San Francisco’s office vacancy apocalypse shows signs of easing as A.I. companies start pouring in: ‘We feel like it’s the bottom’

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The worst of San Francisco’s office pain is showing signs of easing.

Demand for offices in the city grew about 10% in the second quarter from the previous three-month period, according to VTS, a commercial real estate technology firm. The company tracks demand by measuring tenants touring office properties and looking for space in key US markets. 

It’s good news for San Francisco office owners who have faced pressure from record vacancies as technology firms cut back on space. Prospective tenants have been hunting for large spaces of more than 50,000 square feet (4,645 square meters) since March. The demand has been largely driven by the boom in artificial intelligence companies, according to VTS Chief Executive Officer Nick Romito.

It’s also positive news for a city pummeled by the pandemic with an ailing downtown core, plagued by homelessness and open drug use. Mayor London Breed said its not artificial intelligence companies, the city is also attracting life science firms needing laboratory space.  

“There are at least 10 companies now in search of almost a million square feet of office space as we speak,” Breed said in an interview from City Hall on Tuesday. “We’re seeing a huge increase in the need for more office space for certain companies. And so that’s going to start taking flight.”Play Video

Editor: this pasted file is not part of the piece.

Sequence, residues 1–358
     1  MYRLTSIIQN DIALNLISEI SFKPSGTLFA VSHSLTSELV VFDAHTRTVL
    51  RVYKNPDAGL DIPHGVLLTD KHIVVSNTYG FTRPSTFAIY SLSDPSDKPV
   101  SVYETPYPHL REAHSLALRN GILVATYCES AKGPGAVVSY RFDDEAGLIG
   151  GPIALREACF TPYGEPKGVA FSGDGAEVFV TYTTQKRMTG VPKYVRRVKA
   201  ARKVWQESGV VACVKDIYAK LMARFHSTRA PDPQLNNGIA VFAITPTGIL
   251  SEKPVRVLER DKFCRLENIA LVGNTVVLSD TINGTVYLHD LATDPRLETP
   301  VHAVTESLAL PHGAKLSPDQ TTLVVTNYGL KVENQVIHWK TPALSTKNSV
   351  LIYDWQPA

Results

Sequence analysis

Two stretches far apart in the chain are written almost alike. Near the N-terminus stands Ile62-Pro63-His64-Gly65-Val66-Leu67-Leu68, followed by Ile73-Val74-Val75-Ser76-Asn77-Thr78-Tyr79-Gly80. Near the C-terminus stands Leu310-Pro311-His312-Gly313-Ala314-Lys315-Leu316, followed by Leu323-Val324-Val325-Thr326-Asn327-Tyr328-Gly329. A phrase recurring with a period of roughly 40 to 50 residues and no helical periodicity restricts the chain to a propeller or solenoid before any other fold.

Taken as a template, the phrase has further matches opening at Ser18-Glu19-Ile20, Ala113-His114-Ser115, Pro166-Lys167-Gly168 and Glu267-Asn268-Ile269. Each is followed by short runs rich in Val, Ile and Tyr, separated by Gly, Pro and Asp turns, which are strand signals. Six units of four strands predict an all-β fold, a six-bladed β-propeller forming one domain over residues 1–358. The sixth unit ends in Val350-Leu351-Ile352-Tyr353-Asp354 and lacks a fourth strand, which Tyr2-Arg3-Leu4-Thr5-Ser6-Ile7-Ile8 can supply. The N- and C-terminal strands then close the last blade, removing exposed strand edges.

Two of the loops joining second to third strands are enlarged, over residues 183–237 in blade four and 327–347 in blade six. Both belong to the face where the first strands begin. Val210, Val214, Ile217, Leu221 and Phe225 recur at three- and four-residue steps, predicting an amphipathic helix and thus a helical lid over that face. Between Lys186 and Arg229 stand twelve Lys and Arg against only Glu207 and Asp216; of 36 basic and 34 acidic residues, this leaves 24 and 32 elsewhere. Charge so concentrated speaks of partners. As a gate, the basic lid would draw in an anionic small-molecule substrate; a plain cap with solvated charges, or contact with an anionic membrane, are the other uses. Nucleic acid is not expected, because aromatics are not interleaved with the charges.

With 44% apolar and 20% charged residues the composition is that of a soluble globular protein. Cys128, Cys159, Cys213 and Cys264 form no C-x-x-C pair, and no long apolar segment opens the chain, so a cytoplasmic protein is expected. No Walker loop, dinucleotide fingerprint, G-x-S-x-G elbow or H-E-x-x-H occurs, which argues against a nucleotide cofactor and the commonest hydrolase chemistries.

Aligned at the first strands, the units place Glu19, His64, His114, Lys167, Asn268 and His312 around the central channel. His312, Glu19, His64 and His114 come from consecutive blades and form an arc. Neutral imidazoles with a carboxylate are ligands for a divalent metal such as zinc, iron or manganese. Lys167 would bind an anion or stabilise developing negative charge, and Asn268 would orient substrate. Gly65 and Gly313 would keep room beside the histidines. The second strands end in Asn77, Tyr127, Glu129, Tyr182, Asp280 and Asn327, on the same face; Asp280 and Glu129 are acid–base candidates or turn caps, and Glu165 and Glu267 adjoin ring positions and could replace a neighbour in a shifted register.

While VTS’ measure is an early indicator and bodes well for landlords, the California city is still struggling as more employees work from home. Utilization rates on an average weekday are still less than half of pre-pandemic levels, according to badge-swipe data from Kastle Systems. 

“We feel like it’s the bottom,” Romito said. “They still have a long way to go because they’ve started at the bottom. While it’s a glimmer of hope, they have to be consistent quarter-over-quarter for a while to get back to where they were.”

Most of the other cities tracked by VTS — including Los Angeles, Seattle, Chicago, Boston and Washington — reported a quarterly decline in new office demand. In New York, demand was down nearly 4% from the previous quarter but up 7.4% over the past year.

Breed noted that San Francisco has seen hard times before and reinvented itself through multiple downturns. 

“It’s not to say problems aren’t happening,” Breed said adding that “there’s a reason why people keep betting on San Francisco.

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